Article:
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A certain ride has 60 people standing in line awaiting admission. If half of the people are adults and all of those in line are wearing either sandals or tennis shoes, how many people in the line are wearing sandals?

(1) Two–thirds of those wearing sandals are adults. (2) The first quarter of the line contained three–fifths of the people wearing sandals.

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02 May 2017, 12:02

Toughest question I have Ever seen First i kept E because thought two possibilities one with 30 and another with 15 . later realized 30 can't take only 15 can be the answer because - 2 / 3 * 30 is greater than 60 /4 . TRAPS TRAPS everywhere.

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04 May 2017, 06:49

I interpreted the question in this manner ... 1) Two thirds of people who are wearing sandals are adults. But it does not specify that those two third people comprise of all the adults. So INSUFF

2) The first quarter .. meaning 15 people and three fifths of those 15 people.. which is 9 people are wearing sandals. Thus, total number of people wearing sandals is 15! Hence SUFF

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04 May 2017, 07:42

Bunuel wrote:

A certain ride has 60 people standing in line awaiting admission. If half of the people are adults and all of those in line are wearing either sandals or tennis shoes, how many people in the line are wearing sandals?

(1) Two–thirds of those wearing sandals are adults. (2) The first quarter of the line contained three–fifths of the people wearing sandals.

Adults are 30 and young are 30 total 60

from 1

2/3S are adults and thus 1/3S are young ... Since S is an integer therefore S is a multiple of 3 .....insuff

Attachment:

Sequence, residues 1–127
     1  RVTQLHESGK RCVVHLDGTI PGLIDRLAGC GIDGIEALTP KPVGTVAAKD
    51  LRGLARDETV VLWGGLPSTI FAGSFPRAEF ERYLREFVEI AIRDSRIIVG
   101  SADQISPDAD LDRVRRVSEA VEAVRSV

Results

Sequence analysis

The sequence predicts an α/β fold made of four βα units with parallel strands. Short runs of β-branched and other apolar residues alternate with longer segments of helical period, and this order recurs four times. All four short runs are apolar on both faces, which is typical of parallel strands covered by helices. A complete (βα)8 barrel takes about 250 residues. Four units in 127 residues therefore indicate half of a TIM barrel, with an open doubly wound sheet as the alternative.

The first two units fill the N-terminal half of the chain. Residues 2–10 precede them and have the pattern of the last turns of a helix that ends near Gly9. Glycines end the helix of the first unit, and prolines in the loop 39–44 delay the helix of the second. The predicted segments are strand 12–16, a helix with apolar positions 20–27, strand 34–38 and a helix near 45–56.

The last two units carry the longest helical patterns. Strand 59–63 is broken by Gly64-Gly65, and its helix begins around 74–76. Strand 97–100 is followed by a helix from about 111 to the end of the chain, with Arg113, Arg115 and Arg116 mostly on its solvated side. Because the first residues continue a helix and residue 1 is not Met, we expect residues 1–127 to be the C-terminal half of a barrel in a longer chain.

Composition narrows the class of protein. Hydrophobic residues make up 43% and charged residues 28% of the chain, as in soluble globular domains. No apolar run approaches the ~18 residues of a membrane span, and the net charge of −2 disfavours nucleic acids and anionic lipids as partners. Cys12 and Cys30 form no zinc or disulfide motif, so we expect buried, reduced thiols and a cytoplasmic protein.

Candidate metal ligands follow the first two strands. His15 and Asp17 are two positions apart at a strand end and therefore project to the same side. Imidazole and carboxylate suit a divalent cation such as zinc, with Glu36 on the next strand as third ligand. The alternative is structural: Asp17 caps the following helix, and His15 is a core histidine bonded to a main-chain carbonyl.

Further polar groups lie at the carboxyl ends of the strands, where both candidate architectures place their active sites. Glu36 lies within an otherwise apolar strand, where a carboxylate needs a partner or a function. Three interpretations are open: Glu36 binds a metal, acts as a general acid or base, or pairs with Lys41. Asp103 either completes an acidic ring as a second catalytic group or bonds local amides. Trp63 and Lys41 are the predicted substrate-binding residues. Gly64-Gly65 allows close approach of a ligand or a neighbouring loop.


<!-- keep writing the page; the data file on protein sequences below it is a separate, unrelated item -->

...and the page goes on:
from 2

15 = contains 3/5 of S , since S is integer then S is a multiple of 5 ( either 5 or 10 or 15).... insuff

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04 May 2017, 14:28

stat 1: sandal*2/3=adults who wear sandal. sandal is divisible by 3 insuff stat 2: people in 1st quarter row and wearing sandal=s*3/5 sandal is divisible by 3 insuff stat 1+ stat 2 sandal must be multiple of 3 & 5. which is 15( sandal must not be 30.bcz all adults are not wearing sandal.) answer: c

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05 May 2017, 15:21

Tricky question, let me explain how I saw it. We know that there are 30 adults and 30 non-adults. (half and half)

1. This tell us that 2/3rds of people wearing sandals are adults. This means that there could be 10 adults and 5 non-adults, 20 adults and 10-non adults, or 30 adults and 15 non-adults wearing sandals. (15,30,45) Not sufficient. 2. This tell us that of the first 15 in the queue, they are wearing 3/5ths of the sandals. This means that 15 is the maximum, and 3 the minimum. But we do not know if it is 15, 10, 9, 8, etc...

If we combine both options, we know that the only three options are 15, 30 and 45. If 15, the maximum, represents 3/5, then that means that a maximum of 25 people could be wearing sandals. Since we know the only combination lower than 25 is 15, I and II give us a solution. C

A certain ride has 60 people standing in line awaiting admission. If half of the people are adults and all of those in line are wearing either sandals or tennis shoes, how many people in the line are wearing sandals?

(1) Two–thirds of those wearing sandals are adults. (2) The first quarter of the line contained three–fifths of the people wearing sandals.

We are given that there are 60 people in a line and that half, or 30 people, are adults. We are also given that the people in line are either wearing tennis shoes or sandals. We need to determine how many people are wearing sandals.

Statement One Alone:

Two–thirds of those wearing sandals are adults.